On this blog I spend a lot of time talking about being God-centered in my parenting. Humbling myself so I can serve my family. What I have neglected to mention is the first relationship that made me aware of how self-centered I am.
I got married right before I turned twenty-two. A mere baby. Soon after getting married I moved to a new city, with no job & no friends. My husband traveled 3 weeks out of the month and I was lonely.
Our first year of marriage was humbling. I received a degree in biology/pre-medicine. I hoped to attend medical school and have all my emotional & social needs met by my husband. Instead I found myself alone most of the time, with no planned career path.
It was only by becoming God-centered in our marriage that we survived to this point. I don’t claim that we have this marriage thing figured out, but I thought I would take this opportunity of our wedding anniversary to share some of the lessons we’ve learned:
1. We are on the same team
It took a few fights & defensive moments before my husband declared: “We’re on the same team!”
Pride & selfishness cause me to fight for “my way”, when in reality we should be working together as a team for “our way.” If my husband offers healthy criticism, I shrink or become defensive. Instead I should recognize that he is on my team and wanting the best for me. Wouldn’t I rather hear about something I need to work on from my husband who loves me, than from a boss/co-worker/stranger?
2. Keep having fun
We like to have fun. We love to laugh. The times in our marriage that we have struggled the most is when we have neglected our “fun side.” When we allow life stress & obligations to force out fun, our relationship suffers.
Now with 4 boys we intentionally set aside time for fun. Whether it’s watching a favorite comedian, reading hilarious auto-corrected texts, dancing to 80’s music after dinner or singing karaoke, we find some way to put laughter into our lives.
Fortunately our boys provide a lot of laughter and fun (when they aren’t being frustrating and disobedient).
3. Pray together
About 5 years ago my husband began the habit of making sure we prayed together each morning before he left for work. They aren’t long drawn-out prayers. We simply take the time to pray for each other’s days or what is on our hearts at the time.
I love to know how I can continue to pray for him throughout the day. I also know what to ask him about when he comes home from work. Most importantly our boys see us hugging each other each morning & making God a priority.
Dancing with my husband’s grandfather, who turned 95 on our wedding day. He was a godly man of prayer, who wore out the knees on his pajamas praying for each family member every day.
4. Couch Time
Once kids entered our lives we found our communication getting worse and worse. By the time our 2nd child was 6 months old we had a “come to Jesus” moment. I had made the kids too much of a priority and my connection to the outside world a second priority (Facebook/blogging/etc). Unfortunately my husband was getting the leftovers.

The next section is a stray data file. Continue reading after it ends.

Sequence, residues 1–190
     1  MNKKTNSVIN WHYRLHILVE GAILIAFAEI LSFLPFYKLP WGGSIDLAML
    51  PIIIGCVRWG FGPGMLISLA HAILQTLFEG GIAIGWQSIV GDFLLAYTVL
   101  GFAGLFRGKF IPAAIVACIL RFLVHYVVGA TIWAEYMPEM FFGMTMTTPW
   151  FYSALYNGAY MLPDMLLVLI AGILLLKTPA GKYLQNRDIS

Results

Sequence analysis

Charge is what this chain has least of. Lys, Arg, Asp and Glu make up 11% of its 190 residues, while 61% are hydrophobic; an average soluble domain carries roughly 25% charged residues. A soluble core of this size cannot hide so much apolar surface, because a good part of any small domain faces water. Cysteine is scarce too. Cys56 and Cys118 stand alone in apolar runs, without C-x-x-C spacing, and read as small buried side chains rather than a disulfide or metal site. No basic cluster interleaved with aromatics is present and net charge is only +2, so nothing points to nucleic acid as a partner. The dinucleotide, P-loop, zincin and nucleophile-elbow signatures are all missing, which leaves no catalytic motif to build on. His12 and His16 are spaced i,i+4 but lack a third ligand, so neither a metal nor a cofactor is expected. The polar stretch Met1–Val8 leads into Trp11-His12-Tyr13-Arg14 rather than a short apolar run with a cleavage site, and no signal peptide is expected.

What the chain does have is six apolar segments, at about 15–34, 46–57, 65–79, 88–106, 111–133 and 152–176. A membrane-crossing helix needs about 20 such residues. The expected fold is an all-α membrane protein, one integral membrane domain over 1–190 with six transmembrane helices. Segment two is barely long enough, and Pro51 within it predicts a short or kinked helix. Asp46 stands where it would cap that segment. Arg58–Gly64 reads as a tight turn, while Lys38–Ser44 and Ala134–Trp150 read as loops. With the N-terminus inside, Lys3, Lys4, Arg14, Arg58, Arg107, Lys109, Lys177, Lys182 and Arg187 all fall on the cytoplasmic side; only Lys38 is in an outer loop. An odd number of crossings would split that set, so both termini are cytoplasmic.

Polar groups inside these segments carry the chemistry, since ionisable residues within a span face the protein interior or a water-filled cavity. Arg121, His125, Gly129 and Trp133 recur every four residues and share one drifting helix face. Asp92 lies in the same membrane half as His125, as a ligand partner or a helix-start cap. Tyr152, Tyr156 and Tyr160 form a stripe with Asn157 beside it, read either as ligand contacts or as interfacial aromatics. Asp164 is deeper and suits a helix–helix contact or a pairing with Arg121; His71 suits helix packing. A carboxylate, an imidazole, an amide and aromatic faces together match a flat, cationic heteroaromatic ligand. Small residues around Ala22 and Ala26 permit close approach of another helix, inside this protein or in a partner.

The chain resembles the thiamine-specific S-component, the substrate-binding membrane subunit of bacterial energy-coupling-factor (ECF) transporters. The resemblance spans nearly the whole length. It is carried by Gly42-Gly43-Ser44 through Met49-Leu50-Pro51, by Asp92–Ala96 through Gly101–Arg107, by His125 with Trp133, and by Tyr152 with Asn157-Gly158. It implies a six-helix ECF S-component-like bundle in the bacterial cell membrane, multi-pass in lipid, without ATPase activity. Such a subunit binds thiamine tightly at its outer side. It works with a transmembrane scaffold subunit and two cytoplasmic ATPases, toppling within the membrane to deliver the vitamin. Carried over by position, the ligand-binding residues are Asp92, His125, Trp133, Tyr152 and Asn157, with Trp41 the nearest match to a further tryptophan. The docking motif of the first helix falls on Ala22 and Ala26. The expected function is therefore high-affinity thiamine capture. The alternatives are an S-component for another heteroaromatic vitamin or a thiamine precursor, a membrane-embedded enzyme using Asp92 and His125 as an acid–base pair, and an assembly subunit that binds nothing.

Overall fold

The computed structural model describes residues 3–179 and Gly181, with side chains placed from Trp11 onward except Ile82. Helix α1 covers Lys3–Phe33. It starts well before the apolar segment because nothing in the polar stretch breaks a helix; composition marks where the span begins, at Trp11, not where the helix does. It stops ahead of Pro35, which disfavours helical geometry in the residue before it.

After recognizing how far off-base we had gone, we set certain “connection goals”. One of these was Couch Time. After the kids were in bed & dinner dishes were cleaned, we met each other on the couch for at least 10 minutes. Often times it lasted longer. Conversations at dinner were too difficult. Conversation during the day were impossible. So this was our time to connect. Soon it became a habit.
5. Saying the Right Thing at the Right Time
Timing is everything when it comes to communication. Choosing the right time to bring up an issue is essential to the success of that conversation & solution. Not overreacting in the heat of the moment. Instead, making sure to step back and evaluate what you really feel & want to communicate.
A friend also gave us the advice to never discuss important matters after 10 o’clock at night. His rationale was that you are too emotional at that time of night and it will not be a productive conversation.
That’s a glimpse into what God’s taught us thus far. I’m sure the next thirteen years parenting these four boys, we are going to learn sooooo much more!
These tips are wonderful, thanks so much for sharing. My husband and I have been married 3 1/2 years, and we have a 2-year-old son and another son on the way. I must say that our marriage did not become challenging until after the first kiddo arrived. It was then that I was really challenged to notice my selfishness. It’s such a difficult thing to realize and work on, yet so, SO important for a healthy marriage and family life.
Congratulations on 13 years and here’s to many many more!
Love it. This is great stuff. I want to share this with every young (and old) couple I know.
I am arriving up on 20 years of marriage now, with 5 children.1 thing I’ve discovered is to set my default reaction to conflict to “whatever keeps the door of communicating open”.